By Robin Jacobson.
Why read biographies? When I googled that question, all kinds of responses popped up, some grand and lofty, others more prosaic. But whether you read biographies “to stand on the shoulders of giants” or whether (like me) you find that the life stories of famous persons offer an easy, entertaining way to brush up on basic history, two compact new biographies on eminent Zionists fit the bill. Try Herzl’s Vision: Theodor Herzl and the Foundation of the Jewish State by Shlomo Avineri and Ben-Gurion: Father of Modern Israel by Anita Shapira (both in our library). The books’ authors are distinguished Israeli professors, both recipients of the prestigious Israel Prize for their scholarship.
Theodor Herzl (1860-1904) was not the first to call for a Jewish state. Yet Herzl was crucial to the establishment of the State of Israel, contends Professor Avineri, because he was the first to command attention for the cause from world leaders, the international public, and ordinary Jews. Additionally, says Avineri, the Zionist Organization, founded by Herzl, created an institutional structure that laid the groundwork for the Israeli state.
Born in Hungary and a longtime resident of Vienna, Herzl was a law school graduate, a respected journalist, and sometime playwright. Contrary to popular myth, insists Avineri, it was not the start of the Dreyfus Affair in 1894 (when the French army wrongly denounced a Jewish officer as a spy) that triggered Herzl’s Zionism. Based on a close reading of Herzl’s diaries, Avineri concludes that Herzl became convinced that Jews must have a state of their own by witnessing the rise of anti-Semitism in the Austro-Hungarian Empire. The increasing prominence of Jews in business and in the arts and sciences provoked widespread, virulent hostility. Nationalist politicians portrayed Jews as menacing “aliens” who were penetrating European economic and cultural life.
In 1896, Herzl published The Jewish State: Proposal of a Modern Solution to the Jewish Question. An instant bestseller, The Jewish State fired the imaginations and aspirations of Jews around the world. For most of the next decade, Herzl tirelessly promoted Zionism, pressing the cause on international leaders – the German Kaiser, the Pope, and others – until his untimely death at age 44.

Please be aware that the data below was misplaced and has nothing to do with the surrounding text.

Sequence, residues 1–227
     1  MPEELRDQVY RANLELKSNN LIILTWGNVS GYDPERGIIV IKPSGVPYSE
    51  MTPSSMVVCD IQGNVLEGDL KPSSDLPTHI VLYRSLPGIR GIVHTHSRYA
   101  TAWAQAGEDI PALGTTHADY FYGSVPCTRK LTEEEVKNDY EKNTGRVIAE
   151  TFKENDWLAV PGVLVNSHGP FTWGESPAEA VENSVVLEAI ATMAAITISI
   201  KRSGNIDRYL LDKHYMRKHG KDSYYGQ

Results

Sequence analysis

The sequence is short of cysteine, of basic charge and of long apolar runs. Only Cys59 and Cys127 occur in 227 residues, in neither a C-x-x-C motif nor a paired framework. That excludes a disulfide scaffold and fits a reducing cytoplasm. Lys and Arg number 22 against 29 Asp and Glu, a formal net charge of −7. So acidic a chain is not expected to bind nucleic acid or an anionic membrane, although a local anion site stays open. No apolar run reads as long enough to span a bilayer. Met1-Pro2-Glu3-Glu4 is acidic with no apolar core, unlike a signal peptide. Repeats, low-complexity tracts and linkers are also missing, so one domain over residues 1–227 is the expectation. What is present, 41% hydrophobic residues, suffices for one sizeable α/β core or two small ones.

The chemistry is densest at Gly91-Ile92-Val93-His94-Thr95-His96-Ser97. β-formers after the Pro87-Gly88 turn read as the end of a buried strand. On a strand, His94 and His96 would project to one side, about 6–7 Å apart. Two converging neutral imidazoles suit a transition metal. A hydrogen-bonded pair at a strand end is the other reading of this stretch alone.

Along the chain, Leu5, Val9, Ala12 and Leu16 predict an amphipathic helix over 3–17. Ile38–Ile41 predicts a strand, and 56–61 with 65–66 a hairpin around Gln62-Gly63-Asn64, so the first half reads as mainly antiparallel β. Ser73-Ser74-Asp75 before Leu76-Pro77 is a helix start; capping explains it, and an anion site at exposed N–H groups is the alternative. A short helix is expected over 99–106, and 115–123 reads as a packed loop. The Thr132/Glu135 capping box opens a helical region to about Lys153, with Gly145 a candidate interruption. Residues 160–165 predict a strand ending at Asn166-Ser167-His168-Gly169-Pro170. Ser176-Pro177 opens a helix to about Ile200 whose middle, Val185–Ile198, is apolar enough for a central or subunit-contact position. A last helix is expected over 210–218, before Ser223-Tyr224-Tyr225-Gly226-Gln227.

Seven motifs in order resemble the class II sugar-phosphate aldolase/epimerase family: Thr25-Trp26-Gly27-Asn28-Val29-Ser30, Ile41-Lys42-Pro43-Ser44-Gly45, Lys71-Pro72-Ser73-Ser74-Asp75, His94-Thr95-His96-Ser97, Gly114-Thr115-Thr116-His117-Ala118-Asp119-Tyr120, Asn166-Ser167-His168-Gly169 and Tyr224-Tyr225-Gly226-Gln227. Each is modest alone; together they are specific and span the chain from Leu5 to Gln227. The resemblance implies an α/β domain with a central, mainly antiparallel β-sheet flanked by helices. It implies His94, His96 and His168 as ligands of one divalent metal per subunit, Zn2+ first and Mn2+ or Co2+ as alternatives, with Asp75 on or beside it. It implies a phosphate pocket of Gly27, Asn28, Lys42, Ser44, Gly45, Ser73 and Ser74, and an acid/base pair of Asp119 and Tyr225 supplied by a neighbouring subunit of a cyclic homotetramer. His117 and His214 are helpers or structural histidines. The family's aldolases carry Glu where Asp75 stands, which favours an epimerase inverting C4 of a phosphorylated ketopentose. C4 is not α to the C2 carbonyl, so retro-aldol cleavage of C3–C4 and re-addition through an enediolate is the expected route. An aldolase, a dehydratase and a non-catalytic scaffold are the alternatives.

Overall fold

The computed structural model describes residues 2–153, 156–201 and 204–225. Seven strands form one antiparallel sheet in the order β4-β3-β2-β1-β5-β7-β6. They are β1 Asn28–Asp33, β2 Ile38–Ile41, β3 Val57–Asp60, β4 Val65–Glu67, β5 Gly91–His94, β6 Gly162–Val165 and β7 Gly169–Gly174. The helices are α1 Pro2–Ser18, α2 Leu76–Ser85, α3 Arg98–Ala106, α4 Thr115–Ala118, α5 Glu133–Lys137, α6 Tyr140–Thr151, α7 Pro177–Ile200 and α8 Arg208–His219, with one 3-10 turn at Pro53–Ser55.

The inauspicious early life of David Ben-Gurion (1886-1973) offered no hint that he was destined to bring Herzl’s Zionist dream to fruition. No one could have guessed, says Professor Shapira, that he would become a significant political leader, let alone one day proclaim the State of Israel or become its first prime minister. In contrast to the cosmopolitan, sophisticated Herzl, David Ben-Gurion (born David Green) came from a humble Polish shtetl. His family could not afford to send him to high school; he largely educated himself by reading. He had no profession or purpose until he developed a passion for Zionism and socialism and began to grow (slowly) as a leader.
For Shapira, Ben-Gurion’s most momentous actions took place during the crucial decade between 1942 and 1952. He envisioned the establishment of the State of Israel, prepared for and directed the War of Independence, implemented mass immigration (which doubled the population), moved the capital to Jerusalem, and more. In particular, Shapira writes movingly of Ben-Gurion’s courageous decision to send Jews to fight and die for a Jewish homeland only a few years after the Jewish population had been decimated in the Holocaust. Despite all his achievements, Ben-Gurion’s gravestone is inscribed simply, as he requested, only with his name and the dates of his birth, death, and immigration to Palestine.